Understanding Engine Treatments - What components can benefit from coatings? You may be surprised at the treatments available. - Engine Builder Magazine

Understanding Engine Treatments – What components can benefit from coatings? You may be surprised at the treatments available.

If you were to place technological advances on a scale, I would say that engine coatings would probably rank near the top. Engine coatings have a lot of merit, but unfortunately are often overlooked.

Engine coatings have a reputation that they are only beneficial for racing applications. Yes, coatings are regularly applied and highly appreciated in professional racing and for good reason – the advantages are incredible. However, the benefits given by coatings can be useful to the average engine builder or the weekend warrior as well.

The major misconception is that coatings provide horsepower. While coatings do reduce friction, which in turn frees up horsepower, the major attribute is insurance. The primary function of engine coatings is to provide longevity and stability at a very reasonable cost.

When I think about engine coatings, the first thing that comes to mind is a NASCAR engine. Let’s put the NASCAR engine into perspective for a moment. Its 358 cubic inches make 900 horsepower at 9,000 rpm for 500 miles. Inside these engines are many intricate parts used to reduce mass and reciprocating weight. So the pieces of this powerplant have to be strong, light and be able to take a beating and survive. Coatings offer the cushion, stability and strength to make all these parts harmonize like a symphony. And let’s be honest: 900 horsepower is music to any gearheads ears.

There are different coatings for different components of the engine and they can be broken down into different categories for their purpose. To understand coatings we will take each component of the engine and describe the processes it can undergo for treatment.

Let’s start with the block. In most cases, the engine block is very porous. Back in “the day,” engine casting was crude, leaving debris that could come loose and find its way into the oil pan. Because there were no aftermarket blocks, most race shops would spend hours of polishing the inside of the engine block in areas such as the lifter valley, timing chain and the underside of the piston skirts above the oil pan rail. The polishing and grinding would clean and seal the pores of the cast block.

But, there is an easier way that is practiced today, which is less time consuming and much cheaper. Simply paint these areas of the block with a lead-based epoxy paint such as “Glyptal.” Once the block is machined, clean it well with a non-petroleum-based solvent and tape off the lifter bores and other areas such as the timing chain face of the block and coat with paint. This will seal off the pores of the block and hold up very well under harsh conditions.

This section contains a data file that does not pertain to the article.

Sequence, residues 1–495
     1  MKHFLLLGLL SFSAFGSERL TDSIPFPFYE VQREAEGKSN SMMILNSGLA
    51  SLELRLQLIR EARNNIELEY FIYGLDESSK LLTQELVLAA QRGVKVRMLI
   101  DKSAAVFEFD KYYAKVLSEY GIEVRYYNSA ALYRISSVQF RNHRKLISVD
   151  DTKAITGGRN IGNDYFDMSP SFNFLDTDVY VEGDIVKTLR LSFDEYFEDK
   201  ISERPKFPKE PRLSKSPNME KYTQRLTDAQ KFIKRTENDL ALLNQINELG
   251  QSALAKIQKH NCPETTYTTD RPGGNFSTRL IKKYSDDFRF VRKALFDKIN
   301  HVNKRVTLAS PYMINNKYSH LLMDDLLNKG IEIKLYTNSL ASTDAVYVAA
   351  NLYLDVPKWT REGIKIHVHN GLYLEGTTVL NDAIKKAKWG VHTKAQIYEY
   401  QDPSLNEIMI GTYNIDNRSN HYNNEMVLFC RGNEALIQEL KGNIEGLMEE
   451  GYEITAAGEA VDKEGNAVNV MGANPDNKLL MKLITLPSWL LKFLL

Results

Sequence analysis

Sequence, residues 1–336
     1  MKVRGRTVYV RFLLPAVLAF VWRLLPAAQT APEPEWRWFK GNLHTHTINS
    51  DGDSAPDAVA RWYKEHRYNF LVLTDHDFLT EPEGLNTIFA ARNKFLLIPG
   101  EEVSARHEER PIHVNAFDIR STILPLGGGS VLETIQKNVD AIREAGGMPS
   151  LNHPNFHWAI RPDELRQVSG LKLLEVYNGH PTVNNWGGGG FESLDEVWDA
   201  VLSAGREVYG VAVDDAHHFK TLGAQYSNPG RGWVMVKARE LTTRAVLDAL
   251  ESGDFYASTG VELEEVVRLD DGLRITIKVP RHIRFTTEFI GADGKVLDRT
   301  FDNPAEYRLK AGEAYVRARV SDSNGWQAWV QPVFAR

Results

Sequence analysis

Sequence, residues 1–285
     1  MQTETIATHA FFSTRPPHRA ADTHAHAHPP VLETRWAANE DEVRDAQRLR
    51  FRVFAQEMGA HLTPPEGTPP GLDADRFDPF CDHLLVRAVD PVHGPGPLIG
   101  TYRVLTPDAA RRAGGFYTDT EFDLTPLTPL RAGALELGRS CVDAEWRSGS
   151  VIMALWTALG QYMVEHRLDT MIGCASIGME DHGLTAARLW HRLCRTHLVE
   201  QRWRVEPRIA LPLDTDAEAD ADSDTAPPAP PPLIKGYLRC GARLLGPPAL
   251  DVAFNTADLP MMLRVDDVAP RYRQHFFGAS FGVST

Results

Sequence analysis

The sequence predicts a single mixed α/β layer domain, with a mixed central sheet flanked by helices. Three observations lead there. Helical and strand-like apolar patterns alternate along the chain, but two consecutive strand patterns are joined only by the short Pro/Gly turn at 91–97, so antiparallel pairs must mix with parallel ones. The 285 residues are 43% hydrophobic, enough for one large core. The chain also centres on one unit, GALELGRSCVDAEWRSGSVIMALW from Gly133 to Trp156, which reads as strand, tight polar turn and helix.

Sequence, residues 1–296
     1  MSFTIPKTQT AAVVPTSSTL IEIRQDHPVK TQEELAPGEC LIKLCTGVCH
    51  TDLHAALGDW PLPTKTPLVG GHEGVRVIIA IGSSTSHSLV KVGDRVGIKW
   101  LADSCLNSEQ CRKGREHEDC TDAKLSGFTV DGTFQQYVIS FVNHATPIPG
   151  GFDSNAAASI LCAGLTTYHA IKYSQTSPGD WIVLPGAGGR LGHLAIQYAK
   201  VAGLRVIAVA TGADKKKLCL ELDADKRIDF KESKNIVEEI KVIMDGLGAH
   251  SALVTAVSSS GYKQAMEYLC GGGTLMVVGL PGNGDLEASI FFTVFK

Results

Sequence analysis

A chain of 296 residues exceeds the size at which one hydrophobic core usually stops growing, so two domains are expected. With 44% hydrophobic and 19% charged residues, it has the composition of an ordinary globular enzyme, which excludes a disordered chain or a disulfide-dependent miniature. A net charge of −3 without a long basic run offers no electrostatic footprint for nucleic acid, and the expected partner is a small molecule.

For the crankshaft, there are a couple of different options depending on the material. If the crankshaft is cast iron the best process is to have the crankshaft counterweights coated with an oil shedding coating. If the crankshaft is billet or forged, it is best to use a process known as micropolishing. Even though the crank’s surface may look nice and smooth, under a microscope it can still be very rough. The micro-finishing process smooths the surface peaks and eliminates the rough edges making the entire crankshaft look as though it has been polished. The microfinishing process will allow oil to sling off of the counter weights reducing parasitic drag. A cast crankshaft cannot be micropolished because the process tends to open up the pores of the casting producing stress risers, which can cause the crankshaft to fail. The same process is used for the connecting rods also. It’s all about what kind of material they are made from.

There are no coatings used on the camshaft. Because of the loads placed on the camshaft, the coating would eventually lose contact with the surface leading to failure. However, the camshaft can be micropolished as well. Even if the camshaft is a roller that looks very smooth and slick, a closer look usually reveals a rough surface finish also. A flat tappet camshaft is typically rough when you get it out of the box and looks as though it needs a polishing anyway. The micropolishing process eliminates any high spots and helps to stress relieve while improving surface finish.

Remember, the lobes of the camshaft need to remain somewhat porous to retain oil, so the lobes should not be polished like a mirror. One thing often overlooked is roughness of the camshaft under the microscope. By improving surface finish you reduce vibration in the valve train which in turn makes more power and creates longevity of the moving pieces.